Comparison Shopping Doesn’t Create Happiness

By Patrick McNerthney 

I was covered in new car smell last week after test driving two trucks and one sedan. Whooooo boy the difference between driving a 2006 and a 2022 is massive, indeed. The extravagance of not having a rattling suspension, leaky windows, unidentifiable smells, or disturbing, if not downright alarming, readings coming from the dashboard, was quite enjoyable.  

Car people kind of baffle me – I mean, I’m doing this out of necessity; my 2006 Subaru simply won’t make it another 2-5 years without significant investment. Combine this financial reality with the transformation in passenger safety improvements over the course of 16 years and it means: Crud! It’s time for a new car. 

This is way different from what “car people” think.  They just love cars so much they’d keep my Subaru as a “project” car, AND buy a new car with custom, latest-in-everything stuff installed. Weird.

However, I must admit, after driving a new car, then going back to my old car, I was all like, “Oh, look at that guy’s cool new car, and that lady’s – is that a rolls? Oh man I want that and that and that…”

(And that.)

Which brings up something I’d like to point out using my favorite example: Me. 

Do I feel rich? The best way to answer this question is to understand that feeling rich is very different from being rich.  Compared to my relatives from the 1800s (it’s weird to think that, yes, we all have relatives from the 1800s, and 1700s, and 1600s…I’ll stop there lest ye olde brain explodes) I’m magically rich. Let’s examine the facts: I have instant access to information through technology that was unimaginable a century ago, not to mention running water, heat (without fire), a roof (not thatched), only marginal fear of being attacked by a wild animal–okay, sharks, but my relatives were not seafaring folk… Suffice it to say, that feels pretty darn rich.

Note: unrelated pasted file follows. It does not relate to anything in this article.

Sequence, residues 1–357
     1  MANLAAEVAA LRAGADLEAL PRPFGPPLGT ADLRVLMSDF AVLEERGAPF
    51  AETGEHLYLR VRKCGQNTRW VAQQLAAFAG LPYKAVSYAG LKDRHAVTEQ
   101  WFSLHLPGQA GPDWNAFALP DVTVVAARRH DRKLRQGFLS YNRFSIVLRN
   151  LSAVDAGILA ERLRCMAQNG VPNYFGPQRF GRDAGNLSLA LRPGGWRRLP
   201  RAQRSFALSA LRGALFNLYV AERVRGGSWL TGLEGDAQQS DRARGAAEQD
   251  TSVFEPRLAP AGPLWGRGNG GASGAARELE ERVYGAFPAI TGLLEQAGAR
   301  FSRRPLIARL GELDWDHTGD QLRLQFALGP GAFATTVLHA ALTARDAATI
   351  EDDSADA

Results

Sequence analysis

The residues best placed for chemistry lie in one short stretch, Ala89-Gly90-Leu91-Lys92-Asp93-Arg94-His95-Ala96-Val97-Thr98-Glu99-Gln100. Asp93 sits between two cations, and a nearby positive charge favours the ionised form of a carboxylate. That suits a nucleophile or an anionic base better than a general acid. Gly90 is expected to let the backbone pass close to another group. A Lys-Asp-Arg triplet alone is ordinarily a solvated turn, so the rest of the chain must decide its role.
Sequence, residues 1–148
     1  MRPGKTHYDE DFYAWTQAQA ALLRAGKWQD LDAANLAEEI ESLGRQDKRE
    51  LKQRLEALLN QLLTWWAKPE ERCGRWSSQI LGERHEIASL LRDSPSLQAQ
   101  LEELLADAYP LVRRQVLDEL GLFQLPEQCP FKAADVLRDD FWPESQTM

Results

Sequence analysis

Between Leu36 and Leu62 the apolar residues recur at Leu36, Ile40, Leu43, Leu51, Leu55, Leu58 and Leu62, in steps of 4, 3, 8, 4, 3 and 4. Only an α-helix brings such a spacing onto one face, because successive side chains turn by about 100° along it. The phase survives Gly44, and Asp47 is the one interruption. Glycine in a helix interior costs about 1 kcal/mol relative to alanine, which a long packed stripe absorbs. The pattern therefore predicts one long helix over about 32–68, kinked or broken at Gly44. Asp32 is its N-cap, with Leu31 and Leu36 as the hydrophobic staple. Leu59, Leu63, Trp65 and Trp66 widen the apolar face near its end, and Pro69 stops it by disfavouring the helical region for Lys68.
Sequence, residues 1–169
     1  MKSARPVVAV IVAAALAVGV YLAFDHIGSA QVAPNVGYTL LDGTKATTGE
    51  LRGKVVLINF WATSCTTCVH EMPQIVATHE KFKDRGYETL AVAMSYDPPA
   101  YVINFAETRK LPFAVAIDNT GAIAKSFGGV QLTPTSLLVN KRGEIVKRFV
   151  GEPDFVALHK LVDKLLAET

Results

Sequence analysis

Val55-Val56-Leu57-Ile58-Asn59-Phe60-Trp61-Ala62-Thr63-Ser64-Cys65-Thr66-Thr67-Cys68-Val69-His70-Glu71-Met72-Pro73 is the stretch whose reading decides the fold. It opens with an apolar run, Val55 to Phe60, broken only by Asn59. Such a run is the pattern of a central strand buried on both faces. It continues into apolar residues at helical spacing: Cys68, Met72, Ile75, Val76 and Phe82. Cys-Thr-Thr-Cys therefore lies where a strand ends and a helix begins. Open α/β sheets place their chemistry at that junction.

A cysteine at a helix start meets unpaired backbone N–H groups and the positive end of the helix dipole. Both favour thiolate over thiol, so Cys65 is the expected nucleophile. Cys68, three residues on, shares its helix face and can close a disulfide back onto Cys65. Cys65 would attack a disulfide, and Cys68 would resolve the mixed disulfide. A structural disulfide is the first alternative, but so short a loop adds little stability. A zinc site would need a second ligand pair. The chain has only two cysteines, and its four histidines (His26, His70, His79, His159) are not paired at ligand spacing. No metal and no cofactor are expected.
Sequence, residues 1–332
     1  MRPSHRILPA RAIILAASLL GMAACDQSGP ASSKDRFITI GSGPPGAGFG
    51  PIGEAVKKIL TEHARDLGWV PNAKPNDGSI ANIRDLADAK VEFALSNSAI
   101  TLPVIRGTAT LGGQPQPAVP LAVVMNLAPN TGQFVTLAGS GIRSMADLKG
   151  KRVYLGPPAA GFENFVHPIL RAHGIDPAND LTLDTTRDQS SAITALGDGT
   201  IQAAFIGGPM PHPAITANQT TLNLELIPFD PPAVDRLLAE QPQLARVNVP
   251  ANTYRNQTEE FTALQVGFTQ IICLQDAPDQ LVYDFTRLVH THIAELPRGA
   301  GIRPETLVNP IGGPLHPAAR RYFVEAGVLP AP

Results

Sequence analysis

At the same time, compared to the guy one mile up the road from me with the huge house and BRAND NEW awesome red Toyota Pathfinder with all the right accents, or some handsome version of me in the future, I’m behind, WAYYYYYY behind. This doesn’t feel rich. And there’s the rub. “Rich” is a story we often tell ourselves using “ours” versus “theirs,” which is a problem because we’re basing our happiness solely on comparison with those who have more.

(The only thing that’s gonna make the small pineapple taste bad is comparing it to the large pineapple.)

What makes this worse is that we conveniently leave out the reality of what we’re comparing: “I’ll have the $80,000 truck…” (but not the stressful lawyer job it takes to pay for it). Or, “I want that 5,000 square foot house…” (but not the traveling 52-weeks a year to afford it because (insert reason here).

The point is, it’s helpful to remind ourselves we’re making assumptions, and omitting parts of reality, when we comparison shop our happiness. So it’s useful to turn our thinking around. It’s possible to create happiness considering what we have rather than create unhappiness by dwelling on what we don’t have

It’s the paradigm of ownership. What we do with what we have is a choice. We can create the feelings we want…or, if we’re not careful, the feelings we don’t want. 

Fine Art Miracles (FAM) believes the reason you care for your residents and loved ones is, at least in part, based on your inherent generosity, kindness, empathy, and desire for connection. Of course, caregiving is not an easy path, seldom heralded, full of daunting challenges, and brimming with emotional labor. That’s why FAM champions creative expression as a great tool to add to the traits you possess that inspire you to do this work in the first place.

Art Therapy, Dance & Movement Therapy, Music Therapy, Multi-Sensory Sessions, Drumming Exercise, Drama Therapy, and ART2GO packages (a quick and easy way to get started!) open doors that lead to what underserved populations need most: feelings of confidence, relevance, self-worth, mastery, and community. The elderly, children with challenges, and anyone needing assistance with daily living often experience anxiety and depression because they feel forgotten and left behind, especially in the face of social isolation. Now is the time to change that, and FAM’s borderless services support what you already have – you – and provide some extra juice on your journey to create happiness.  

Sound good? Give FAM a call, or drop them a note, they’re happy to help!

Well, I have to take my kid to school. Since I don’t have a new car yet, I have to add water to my Subaru’s radiator before we go. It’s ridiculous. But when I think about it, compared to hitching the nags to the wagon or even walking him the two miles in the rain, it’s not that bad. In fact, I’m rich.


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